A complaint was made by the Council of the Law Society of Scotland against Steven Archibald Murray, The MMFW Partnership, Glasgow. The Tribunal found the respondent guilty of professional misconduct, singly in respect that (a) between 1 January 2014 and 17 July 2015 he unduly delayed in obtaining confirmation in the estate of the late RW; (b) between 8 December 2015 and 12 July 2016 he unduly delayed and/or failed to implement timeously a mandate sent by the secondary complainer’s new agents seeking all papers and documents in relation to both the trust and the executry, despite repeated requests from those agents; and (c) he failed to comply with his responsibilities as client relations manager by failing to send a response to the secondary complainer in relation to her letter of complaint dated 10 February 2017; and in cumulo in respect that (a) between 1 January 2014 and 8 December 2015 he failed to exercise the appropriate level of skill required to deal with the administration of the said estate in that he incorrectly advised the secondary complainer that the late RW’s share of the trust capital should be excluded from the application for confirmation and thereafter submitted an application for confirmation excluding said capital, whereas a capital sum of approximately £90,000 should have been included thus bringing the whole value of the estate above the threshold for inheritance tax purposes; and (b) between 1 January 2014 and 8 December 2015, he failed to exercise the appropriate level of skill required to deal with the administration of the said estate in that he incorrectly paid the late RW’s share of the income from the trust to the secondary complainer’s aunt, whereas said share of the trust income should have been paid to the late RW’s children.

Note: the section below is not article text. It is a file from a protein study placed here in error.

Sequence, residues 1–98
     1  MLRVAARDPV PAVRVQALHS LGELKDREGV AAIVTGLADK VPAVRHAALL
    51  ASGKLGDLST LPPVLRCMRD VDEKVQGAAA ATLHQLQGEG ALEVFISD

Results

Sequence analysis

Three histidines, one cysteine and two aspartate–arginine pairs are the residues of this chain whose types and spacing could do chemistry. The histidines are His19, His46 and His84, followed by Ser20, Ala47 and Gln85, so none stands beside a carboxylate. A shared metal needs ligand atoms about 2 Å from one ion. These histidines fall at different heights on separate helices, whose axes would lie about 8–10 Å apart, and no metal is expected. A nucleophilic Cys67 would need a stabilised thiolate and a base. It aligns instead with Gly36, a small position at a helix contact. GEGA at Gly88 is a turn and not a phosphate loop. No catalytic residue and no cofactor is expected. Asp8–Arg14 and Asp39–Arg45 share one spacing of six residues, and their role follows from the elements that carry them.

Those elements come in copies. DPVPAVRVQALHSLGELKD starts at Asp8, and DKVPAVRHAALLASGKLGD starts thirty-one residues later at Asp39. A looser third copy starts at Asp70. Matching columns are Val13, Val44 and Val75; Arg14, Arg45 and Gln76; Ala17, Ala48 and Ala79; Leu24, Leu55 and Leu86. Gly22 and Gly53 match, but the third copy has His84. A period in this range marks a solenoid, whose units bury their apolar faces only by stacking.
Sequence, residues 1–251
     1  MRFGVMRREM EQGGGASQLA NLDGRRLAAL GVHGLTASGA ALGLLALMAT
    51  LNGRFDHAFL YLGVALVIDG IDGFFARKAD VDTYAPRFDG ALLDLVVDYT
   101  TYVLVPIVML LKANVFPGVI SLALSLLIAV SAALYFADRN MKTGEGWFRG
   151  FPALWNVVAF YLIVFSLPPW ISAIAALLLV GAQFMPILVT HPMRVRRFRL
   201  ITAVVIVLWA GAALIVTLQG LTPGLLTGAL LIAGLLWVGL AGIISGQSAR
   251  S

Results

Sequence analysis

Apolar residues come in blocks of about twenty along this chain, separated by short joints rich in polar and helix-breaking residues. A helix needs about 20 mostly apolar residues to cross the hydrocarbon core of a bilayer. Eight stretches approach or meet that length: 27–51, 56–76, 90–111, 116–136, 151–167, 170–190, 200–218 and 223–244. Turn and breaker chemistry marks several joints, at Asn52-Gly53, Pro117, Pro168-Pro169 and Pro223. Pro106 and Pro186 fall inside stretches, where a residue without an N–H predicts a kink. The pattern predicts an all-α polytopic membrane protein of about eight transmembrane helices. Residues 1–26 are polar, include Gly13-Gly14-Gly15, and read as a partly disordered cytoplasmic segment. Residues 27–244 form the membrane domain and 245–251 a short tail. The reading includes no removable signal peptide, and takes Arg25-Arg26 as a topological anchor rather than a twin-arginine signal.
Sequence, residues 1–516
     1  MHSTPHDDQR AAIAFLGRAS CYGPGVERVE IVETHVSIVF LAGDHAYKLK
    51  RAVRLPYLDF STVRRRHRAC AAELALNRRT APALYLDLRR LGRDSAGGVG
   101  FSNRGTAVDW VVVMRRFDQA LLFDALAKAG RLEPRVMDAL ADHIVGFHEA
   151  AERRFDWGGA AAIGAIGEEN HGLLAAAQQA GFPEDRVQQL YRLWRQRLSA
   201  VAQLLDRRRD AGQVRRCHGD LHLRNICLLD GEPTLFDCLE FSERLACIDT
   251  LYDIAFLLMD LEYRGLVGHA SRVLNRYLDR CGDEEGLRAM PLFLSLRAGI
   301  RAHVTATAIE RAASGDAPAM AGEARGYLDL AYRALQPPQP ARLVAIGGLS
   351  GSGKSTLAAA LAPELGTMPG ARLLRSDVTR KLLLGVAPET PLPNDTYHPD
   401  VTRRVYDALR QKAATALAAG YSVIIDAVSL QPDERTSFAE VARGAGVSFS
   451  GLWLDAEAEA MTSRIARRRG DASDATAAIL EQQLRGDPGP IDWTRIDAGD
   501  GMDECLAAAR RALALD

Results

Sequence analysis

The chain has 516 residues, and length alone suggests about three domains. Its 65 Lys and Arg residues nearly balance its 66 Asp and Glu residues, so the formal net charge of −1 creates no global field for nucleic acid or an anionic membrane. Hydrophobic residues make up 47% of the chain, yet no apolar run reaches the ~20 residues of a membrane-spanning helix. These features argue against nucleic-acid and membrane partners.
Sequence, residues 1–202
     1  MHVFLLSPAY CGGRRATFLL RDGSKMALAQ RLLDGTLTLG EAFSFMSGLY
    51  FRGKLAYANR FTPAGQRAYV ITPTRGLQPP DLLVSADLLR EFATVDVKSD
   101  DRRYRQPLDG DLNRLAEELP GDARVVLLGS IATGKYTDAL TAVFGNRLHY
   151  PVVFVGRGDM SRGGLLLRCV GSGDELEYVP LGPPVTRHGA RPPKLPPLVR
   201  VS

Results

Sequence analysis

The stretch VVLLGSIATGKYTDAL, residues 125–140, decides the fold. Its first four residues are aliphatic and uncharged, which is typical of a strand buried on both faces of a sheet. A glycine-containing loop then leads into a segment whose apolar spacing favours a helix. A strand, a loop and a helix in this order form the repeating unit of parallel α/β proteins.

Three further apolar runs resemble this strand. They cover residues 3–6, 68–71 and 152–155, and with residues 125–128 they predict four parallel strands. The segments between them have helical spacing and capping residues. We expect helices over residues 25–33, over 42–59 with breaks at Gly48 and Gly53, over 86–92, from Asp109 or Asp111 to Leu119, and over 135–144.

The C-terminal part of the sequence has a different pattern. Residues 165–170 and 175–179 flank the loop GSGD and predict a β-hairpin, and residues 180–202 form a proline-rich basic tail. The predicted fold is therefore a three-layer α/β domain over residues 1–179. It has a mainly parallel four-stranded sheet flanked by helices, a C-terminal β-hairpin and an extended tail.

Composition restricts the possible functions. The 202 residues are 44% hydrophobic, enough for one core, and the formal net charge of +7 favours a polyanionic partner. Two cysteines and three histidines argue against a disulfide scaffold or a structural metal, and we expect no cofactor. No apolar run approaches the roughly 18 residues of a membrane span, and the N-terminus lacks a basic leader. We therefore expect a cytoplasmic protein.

The Tribunal censured the respondent and fined him £1,000. The Tribunal accepted that there was some overlap with a previous complaint dealt with by the Tribunal in 2018. The respondent appeared to have taken significant steps to address the issues raised, had cooperated fully in the proceedings and had already made a significant payment to the secondary complainer. He had no other pending disciplinary matters. The Tribunal declined to award compensation to the secondary complainer in this case.
A complaint was made by the Council of the Law Society of Scotland against Leon Kondol, McBride Kondol & Co, Glasgow. The Tribunal found the respondent guilty of professional misconduct in respect that he provided to his client, and allowed him to retain, Crown witness statements and an independent forensic physician’s report, all containing highly sensitive information, contrary to rules B1.2 and B1.14.1 of the Society’s Practice Rules 2011 and articles 11 and 12 of the Code of Conduct for Criminal Work. The Tribunal censured the respondent and fined him £2,000.